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FILE Yassin 2 - FILE Edited version of Yassin Obit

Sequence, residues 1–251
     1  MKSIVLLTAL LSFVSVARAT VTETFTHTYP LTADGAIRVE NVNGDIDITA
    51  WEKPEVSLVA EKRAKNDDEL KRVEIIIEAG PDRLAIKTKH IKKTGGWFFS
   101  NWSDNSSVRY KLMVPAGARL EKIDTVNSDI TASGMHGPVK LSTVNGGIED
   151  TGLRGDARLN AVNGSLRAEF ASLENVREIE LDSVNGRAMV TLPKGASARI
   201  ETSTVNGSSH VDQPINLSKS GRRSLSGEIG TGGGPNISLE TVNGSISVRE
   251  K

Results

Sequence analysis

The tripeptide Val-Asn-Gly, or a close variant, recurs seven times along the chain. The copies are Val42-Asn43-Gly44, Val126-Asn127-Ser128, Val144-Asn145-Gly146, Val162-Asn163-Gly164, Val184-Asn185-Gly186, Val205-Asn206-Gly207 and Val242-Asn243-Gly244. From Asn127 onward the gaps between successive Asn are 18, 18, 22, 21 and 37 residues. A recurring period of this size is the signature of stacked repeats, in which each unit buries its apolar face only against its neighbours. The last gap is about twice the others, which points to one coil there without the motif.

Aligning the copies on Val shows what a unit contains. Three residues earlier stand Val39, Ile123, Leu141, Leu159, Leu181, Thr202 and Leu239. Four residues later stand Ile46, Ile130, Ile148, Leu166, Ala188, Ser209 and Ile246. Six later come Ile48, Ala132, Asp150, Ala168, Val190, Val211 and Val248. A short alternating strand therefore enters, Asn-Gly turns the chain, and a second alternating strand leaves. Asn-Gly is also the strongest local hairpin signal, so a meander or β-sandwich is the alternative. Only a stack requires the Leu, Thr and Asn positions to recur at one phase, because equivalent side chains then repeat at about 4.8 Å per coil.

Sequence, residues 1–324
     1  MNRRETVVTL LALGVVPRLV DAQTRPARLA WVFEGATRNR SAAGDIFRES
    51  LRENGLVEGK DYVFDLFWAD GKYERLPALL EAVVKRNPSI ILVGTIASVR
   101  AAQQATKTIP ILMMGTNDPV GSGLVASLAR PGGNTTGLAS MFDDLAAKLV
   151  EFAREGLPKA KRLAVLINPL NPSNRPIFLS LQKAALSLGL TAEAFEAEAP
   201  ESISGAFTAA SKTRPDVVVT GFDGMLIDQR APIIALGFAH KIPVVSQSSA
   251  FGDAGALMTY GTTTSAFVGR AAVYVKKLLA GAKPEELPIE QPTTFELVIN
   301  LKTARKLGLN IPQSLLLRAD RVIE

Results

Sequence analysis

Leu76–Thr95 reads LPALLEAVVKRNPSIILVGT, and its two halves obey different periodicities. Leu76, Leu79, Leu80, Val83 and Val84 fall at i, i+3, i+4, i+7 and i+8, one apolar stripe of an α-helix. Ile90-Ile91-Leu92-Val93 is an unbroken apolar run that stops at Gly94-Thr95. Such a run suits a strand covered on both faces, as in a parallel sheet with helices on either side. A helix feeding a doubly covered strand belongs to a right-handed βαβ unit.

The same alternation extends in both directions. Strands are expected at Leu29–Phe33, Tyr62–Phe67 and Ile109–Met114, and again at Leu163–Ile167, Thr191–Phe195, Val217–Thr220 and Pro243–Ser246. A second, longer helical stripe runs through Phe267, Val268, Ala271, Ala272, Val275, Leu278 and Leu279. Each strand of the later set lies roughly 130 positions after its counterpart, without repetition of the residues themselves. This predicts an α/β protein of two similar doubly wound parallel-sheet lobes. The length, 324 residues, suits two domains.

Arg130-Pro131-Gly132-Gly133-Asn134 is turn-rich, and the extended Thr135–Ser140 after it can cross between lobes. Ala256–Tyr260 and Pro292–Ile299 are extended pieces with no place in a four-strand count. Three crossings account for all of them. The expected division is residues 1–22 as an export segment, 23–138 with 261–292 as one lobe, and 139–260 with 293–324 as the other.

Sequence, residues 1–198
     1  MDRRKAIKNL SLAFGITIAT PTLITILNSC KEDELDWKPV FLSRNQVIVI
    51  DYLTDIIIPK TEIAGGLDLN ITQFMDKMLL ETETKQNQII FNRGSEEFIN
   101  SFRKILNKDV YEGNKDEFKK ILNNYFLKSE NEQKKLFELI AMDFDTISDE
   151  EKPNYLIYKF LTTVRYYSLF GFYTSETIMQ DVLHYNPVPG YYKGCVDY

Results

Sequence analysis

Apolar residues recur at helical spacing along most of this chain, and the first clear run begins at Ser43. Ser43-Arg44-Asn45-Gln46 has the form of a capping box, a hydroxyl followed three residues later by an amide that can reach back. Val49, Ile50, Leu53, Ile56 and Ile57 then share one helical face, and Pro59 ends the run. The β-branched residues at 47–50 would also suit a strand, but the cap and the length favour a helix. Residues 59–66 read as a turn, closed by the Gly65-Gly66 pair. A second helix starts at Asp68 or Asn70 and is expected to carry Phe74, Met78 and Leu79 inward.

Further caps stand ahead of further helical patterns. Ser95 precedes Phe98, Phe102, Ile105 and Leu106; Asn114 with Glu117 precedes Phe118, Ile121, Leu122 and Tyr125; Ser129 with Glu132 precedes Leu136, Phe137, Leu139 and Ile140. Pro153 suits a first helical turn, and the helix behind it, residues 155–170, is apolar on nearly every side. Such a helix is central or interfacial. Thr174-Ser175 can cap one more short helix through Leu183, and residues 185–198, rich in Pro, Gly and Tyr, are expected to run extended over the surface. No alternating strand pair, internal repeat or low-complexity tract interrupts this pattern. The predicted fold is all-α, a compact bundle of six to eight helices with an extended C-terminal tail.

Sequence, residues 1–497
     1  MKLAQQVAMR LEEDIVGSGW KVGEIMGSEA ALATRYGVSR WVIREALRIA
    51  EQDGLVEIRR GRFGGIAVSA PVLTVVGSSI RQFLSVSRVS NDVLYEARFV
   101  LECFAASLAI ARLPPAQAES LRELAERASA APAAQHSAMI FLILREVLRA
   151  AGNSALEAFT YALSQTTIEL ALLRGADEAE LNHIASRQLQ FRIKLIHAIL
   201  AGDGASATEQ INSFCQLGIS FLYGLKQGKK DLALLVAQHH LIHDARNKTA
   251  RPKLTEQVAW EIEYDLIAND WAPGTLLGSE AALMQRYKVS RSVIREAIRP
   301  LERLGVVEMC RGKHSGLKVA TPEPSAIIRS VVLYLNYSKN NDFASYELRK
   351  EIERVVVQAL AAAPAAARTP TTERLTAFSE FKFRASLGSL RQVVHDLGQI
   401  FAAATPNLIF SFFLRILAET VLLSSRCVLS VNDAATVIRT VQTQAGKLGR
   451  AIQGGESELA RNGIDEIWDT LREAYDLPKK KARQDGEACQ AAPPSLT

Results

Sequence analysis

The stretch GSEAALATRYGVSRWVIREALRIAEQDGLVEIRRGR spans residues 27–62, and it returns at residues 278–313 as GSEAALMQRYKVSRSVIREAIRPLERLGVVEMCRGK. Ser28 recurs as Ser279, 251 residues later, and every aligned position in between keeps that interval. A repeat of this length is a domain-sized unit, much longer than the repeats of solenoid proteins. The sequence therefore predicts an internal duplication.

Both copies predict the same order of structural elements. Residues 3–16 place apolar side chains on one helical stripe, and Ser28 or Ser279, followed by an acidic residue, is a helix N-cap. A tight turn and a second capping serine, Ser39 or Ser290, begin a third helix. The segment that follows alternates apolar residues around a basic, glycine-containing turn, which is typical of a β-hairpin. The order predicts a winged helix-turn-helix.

NAME: FILE YASSIN2 220304Nx TAPE: EF04/0330 IN_TIME: 10:56:56:02 DURATION: 00:05:15:10 SOURCES: VARIOUS DATELINE: FILE RESTRICTIONS: See Script SHOTLIST: IBA Israel - December 1998 1. Yassin wheeled in wheelchair by Israeli Army military court soldiers 2. People waiting in court 3. Yassin talking to journalists IBA Ashkelon, Israel - February 1990 4. Yassin wheeled in by Israeli policeman 5. Yassin inside his jail cell 6. Door of Yassin's jail cell being closed by policeman 7. Yassin talking to policeman IBA Israel - October 1997 8. Israeli Ambulances at airport 9. Yassin on wheelchair escorted by Israeli soldiers 10. Yassin taken away to plane to be flown to Jordan JTV Amman - October 1997 11. Yassin at Amman Airport to be flown to Gaza IBA Ashkelon, Israel - February 1990 12. Establisher Yassin's translator talking to journalist in street 13. SOUNDBITE: (English) Yassin's translator translating Sheik Ahmed Yassin, spiritual leader of the militant Hamas: "The cease fire will not be until the occupation is taken off" APTN Gaza City, Gaza Strip - October 1997 14. Jordanian helicopter landing 15. Yasser Arafat's wife Suha greeting Yassin 16. People carrying Yassin into wheelchair 17. Palestinian pushing Yassin's wheelchair 18. Yassin's car being guarded by Palestinian police 19. Welcome rally for Yassin 20. Yassin arriving at rally 21. Demonstrators holding up Yassin's picture 22. Women demonstrators holding up Yassin's picture 23. Yassin arriving house 24. Palestinians greeting Yassin at his house 25. Various of men kissing and welcoming Yassin 26. Yassin sitting 27. Yasser Arafat, Palestinian leader arriving at Yassin's house 28. Arafat and Yassin talking 29. Wide Arafat and Yassin at house APTN Gaza City, Gaza Strip - June 1998 30. Yassin's car surrounded by crowd 31. Yassin sitting at rally APTN Gaza City, Gaza Strip December 1999 32. Various of Yassin in hospital bed APTN Gaza City, Gaza Strip - September 2003 33. Palestinians running towards house bombed by Israeli jets targeting Yassin 34. Various of destroyed house APTN Gaza City, Gaza Strip November 2003 35. Yassin with Palestinian Prime minister Ahmed Qureia APTN Gaza City, Gaza Strip - January 2004 36. Sheikh Yassin wheeled in street 37. Various Yassin in Gaza mosque STORYLINE: Sheik Ahmed Yassin, a quadriplegic preacher who founded the Islamic group Hamas and presided over its rise to a violent, radical alternative to Yasser Arafat's Palestinian Authority, was assassinated in an Israeli airstrike Monday. He was in his mid sixties. Yassin was killed instantly when an Israeli helicopter launched three missiles at him at daybreak Monday as he was leaving a mosque after morning prayers. Tens of thousands of Palestinians in Gaza, many of them in tears, spontaneously poured into the street. Hamas vowed revenge. Yassin's Hamas was responsible for scores of suicide bombings and other deadly attacks on Israelis, but at the same time curried loyalty from impoverished Palestinians by offering desperately needed social services, from kindergartens to health clinics. The frail man with the high-pitched voice was the ideological force behind the militant group, which rejects the existence of Israel and opposed interim peace accords. More recently, he said it would be acceptable to establish a Palestinian state in the West Bank and Gaza, to be used as a temporary base to destroy Israel. "Islam is the only answer," Yassin said in an AP interview in 1997. "Everything springs from that." Hamas' goal of establishing an Islamic state in Israel, Gaza and the West Bank, puts it not only at odds with Israel but poses a threat to the Palestinian Authority, which takes a secular approach to governing and recognises Israel. In response to his unyielding rejectionist attitude and the almost unrelenting Hamas attacks, Israel marked Yassin for death. In September 2003, it dropped a 550-pound bomb on a building where he was meeting with top Hamas leaders. Everyone escaped relatively unscathed; Yassin received a slight wound on his hand and was carried out of the building by his bodyguards. A childhood sporting accident left Yassin almost completely paralyzed and in recent years he was nearly blind, with poor hearing. But for all his physical frailty, he had compelling charisma. Palestinians identified with him as a victim and viewed him as a symbol of strength in the face of adversity. Yassin was born in what is now the Israeli city of Ashkelon, and his family, like those of hundreds of thousands of Palestinians, was uprooted in 1948 with the founding of Israel. He grew up in Palestinian refugee camps in the Gaza Strip. He made a name for himself as a teacher and spiritual leader. He would spend his days reclining on a mattress in his three-room concrete house in the Gaza City district of Sabra, reading holy books, receiving disciples and settling disputes. He did not so much speak as declaim, in language peppered with Quranic allusions. He could move his fingers just enough for limited but highly expressive hand gestures, and would underscore declarations by rearing back his head and rolling his brown eyes. When he appeared in public, devotees would stand over his wheelchair, tenderly adjusting his white headscarf. Although Yassin handled millions of dollars in donations from supporters, he was revered for never taking money for himself and his family - his wife Halima and their 11 now-grown children. That almost monastic existence stood in sharp contrast to the extravagant, corruption-tainted lifestyles adopted by some Palestinian Authority officials after Gaza came under self-rule in 1994. Through much of his life, Yassin was a respected religious figure. The first Palestinian uprising, which erupted in December 1987, put him on the political map. Within weeks, he had founded Hamas as an offshoot of the radical Egypt-based Muslim Brotherhood. Hamas - which means "zeal" and is also the Arab acronym for Islamic Resistance Movement - gained a reputation for ruthlessness, especially against fellow Palestinians suspected of collaborating with Israel. Despite that, Hamas was not formally outlawed by Israeli military authorities until 1989, fueling the still commonly held belief that Israeli and U.S. intelligence fostered the group as a useful counterweight to Arafat's PLO. With the banning of Hamas, Yassin and nearly 200 other group members were jailed in a mass raid. Eventually brought to trial before an Israeli military court, he acknowledged founding Hamas - but admitted to none of the other 14 charges against him. He was convicted of organising attacks on civilians and ordering the kidnappings of two Israeli soldiers - one of whom was killed - and sentenced to life in prison. In jail, Yassin suffered from a variety of ailments, including chronic bronchitis and eye and ear maladies that left his vision and hearing seriously impaired. Israeli officials worried Yassin might die in captivity, and that this could set off Palestinian riots. But fate - in the form of one of Israel's worst espionage blunder in years - intervened to free him. In September 1997, agents of Israel's Mossad spy agency tried to assassinate another Hamas leader, Khaled Mashaal, by poisoning him during a street ambush in Amman, Jordan. The agents were nabbed by Jordanian authorities, and the late King Hussein reportedly threatened to try them publicly and hang them if Israel didn't provide an antidote for the nerve agent used against Mashaal. To ransom its agents, Israel was forced to release dozens of Palestinian prisoners, including Yassin. More than 10,000 cheering followers packed a rundown Gaza City soccer stadium to welcome him back. In the Gaza street, he was praised as a "mujahed," or holy warrior, and accorded the honorific "sheik of the intifada." Even before Yassin's release, Hamas dealings with the Palestinian Authority were strained. In 1996, Arafat had jailed hundreds of Hamas activists, subjecting them to the ultimate indignity of shaving off their beards, worn as a sign of devout adherence to Islam. After Yassin gained his freedom, he and Arafat went out of their way to publicly pledge brotherhood. But Hamas remained an implacable opponent of peace with Israel, and Arafat's prestige was staked on the continuation of the peace process. Tensions mounted. In February of 1998, Yassin left Gaza, ostensibly to obtain medical treatment. Instead, he embarked on a three and a half month tour of Arab countries, reportedly raising more than 50 (m) million dollars and building up political support for Hamas. Yassin made his second homecoming to Gaza in June 1998, just as Hamas was spurning an offer from Arafat to join the Palestinian government. The sheik's precise birthdate, like much else about him, was shrouded in mystery. His son, Abed, and Hamas spokesman Mahmoud Zahar said in June 1998 that he was 62, but were not able to say on what day he was born. His Palestinian passport, however, listed his date of birth as January 1, 1929. But Abed Yassin said that was based on a birth certificate which was probably inaccurate to begin with and had later been lost. Yassin himself claimed he was born in 1938.